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Old 05-21-2009, 11:03 AM
1,831 posts, read 3,737,671 times
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My son does go on and on about canines. Breeds, characteristics, predatory practices, height and weight, which dog could beat another dog based height and weight, why pit bulls are unfairly judged and their reputation is not their fault, etc. I try to listen (and sometimes half-listen), but sometimes I do have to ask him to be quiet. I do feel badly about that, but it will go on all day a lot of times, and can get exhausting during the high-stress workweek. If I hear a line from a movie (again), I will remind him that I heard it before; sometimes he will repeat it several times. I think once his mouth gets moving, it's hard to slow it down, lol. He doesn't really understand the social cues very well. Regardless of facial expression or body language, he'll keep right on talking about his preferred subject. He will talk about other things, so that is a relief.

But a lot of times, his facts and stories are interesting and funny. What I will do is either ask a question to take him off the obssession course, or tell him something I know about the canine of choice. I've also asked him to put some of his stories on paper. This has resulted in him drawing comic books. And I get him books to go along with his interests. And I pray for more patience.

But I may try that video camera.
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Old 05-21-2009, 11:23 AM
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My eight year old was a late talker (we actually took him for hearing tests when he was 18 months old or so, because he wasn't really babbling or saying any real words other than "mama" and "dada"), but he finally started talking, and hasn't stopped since. He gets obsessed with a topic, and does not let it go. It's currently a tossup between Transformers and Star Wars. Sometimes I just have to tell him, "I need you to stop talking for a while and find something else to do." We homeschool, and I don't get a break, so sometimes I have to enforce one myself!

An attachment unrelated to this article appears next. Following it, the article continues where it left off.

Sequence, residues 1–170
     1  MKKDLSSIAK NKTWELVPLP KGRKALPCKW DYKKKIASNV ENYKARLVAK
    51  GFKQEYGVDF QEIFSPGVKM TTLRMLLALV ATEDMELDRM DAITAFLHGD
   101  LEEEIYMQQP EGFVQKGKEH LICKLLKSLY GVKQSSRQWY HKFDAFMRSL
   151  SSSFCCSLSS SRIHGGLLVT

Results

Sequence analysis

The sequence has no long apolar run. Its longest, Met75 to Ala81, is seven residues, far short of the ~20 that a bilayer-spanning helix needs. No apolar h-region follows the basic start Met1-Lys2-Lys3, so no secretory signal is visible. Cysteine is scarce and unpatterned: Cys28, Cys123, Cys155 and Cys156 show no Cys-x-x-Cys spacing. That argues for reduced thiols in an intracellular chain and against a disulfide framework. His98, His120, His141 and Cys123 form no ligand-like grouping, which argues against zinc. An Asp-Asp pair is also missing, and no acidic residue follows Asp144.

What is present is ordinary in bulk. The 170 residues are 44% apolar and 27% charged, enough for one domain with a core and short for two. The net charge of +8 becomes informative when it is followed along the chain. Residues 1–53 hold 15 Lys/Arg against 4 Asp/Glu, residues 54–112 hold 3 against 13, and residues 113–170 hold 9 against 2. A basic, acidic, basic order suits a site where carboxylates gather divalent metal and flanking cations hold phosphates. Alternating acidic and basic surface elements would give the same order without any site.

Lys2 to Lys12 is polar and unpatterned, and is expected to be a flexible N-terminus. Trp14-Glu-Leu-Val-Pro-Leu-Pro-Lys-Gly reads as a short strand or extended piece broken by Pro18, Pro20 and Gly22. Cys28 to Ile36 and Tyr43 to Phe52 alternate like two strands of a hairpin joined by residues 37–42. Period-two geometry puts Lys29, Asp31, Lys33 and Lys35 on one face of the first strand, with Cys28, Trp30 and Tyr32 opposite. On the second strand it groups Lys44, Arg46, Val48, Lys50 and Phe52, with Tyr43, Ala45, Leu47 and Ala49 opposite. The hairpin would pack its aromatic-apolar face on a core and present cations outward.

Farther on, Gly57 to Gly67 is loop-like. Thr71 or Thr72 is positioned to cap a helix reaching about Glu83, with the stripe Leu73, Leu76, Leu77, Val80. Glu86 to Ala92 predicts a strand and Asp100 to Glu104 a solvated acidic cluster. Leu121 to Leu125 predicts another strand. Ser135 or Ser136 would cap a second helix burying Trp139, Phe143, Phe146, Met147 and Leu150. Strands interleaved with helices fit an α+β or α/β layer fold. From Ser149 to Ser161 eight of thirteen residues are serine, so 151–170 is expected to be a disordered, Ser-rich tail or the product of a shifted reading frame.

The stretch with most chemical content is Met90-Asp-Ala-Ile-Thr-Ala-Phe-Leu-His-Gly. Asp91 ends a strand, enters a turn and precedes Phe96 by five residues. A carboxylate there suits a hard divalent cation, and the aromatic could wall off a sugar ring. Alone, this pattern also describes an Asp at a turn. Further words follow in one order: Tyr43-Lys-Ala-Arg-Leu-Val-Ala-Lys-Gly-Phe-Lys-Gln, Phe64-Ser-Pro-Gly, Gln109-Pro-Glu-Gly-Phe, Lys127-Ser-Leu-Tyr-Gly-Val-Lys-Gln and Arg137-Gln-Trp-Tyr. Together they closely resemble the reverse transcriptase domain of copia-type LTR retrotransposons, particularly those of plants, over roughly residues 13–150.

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Old 05-21-2009, 11:35 AM
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Yes, my 10 yr old can go on and on about Star Wars or his video games. I also get that glazed look sometimes because I just can't concentrate on it as much as he does. I do have back and forth conversations with him about his interests so he doesn't feel like I am not paying attention. But yeah sometimes I just want to sceam "AAAHHHHH NO MORE!" To think someday I'll be wishing for him to call me.
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Old 05-21-2009, 12:01 PM
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Many years ago, I saw an interesting discussion program on TV. The subject was the 3 basic types of individuals and how to tell them apart. The purpose of the discussion was to promote better communication based on being able to discern what type of individual you were dealing with.
The three basic types of people are verbal, visual, and emotional.
The way to determine which catagory these individuals fall into is to ask them a question that would require an answer that is specific to them that may take a moment to figure out such as What is your favorite color.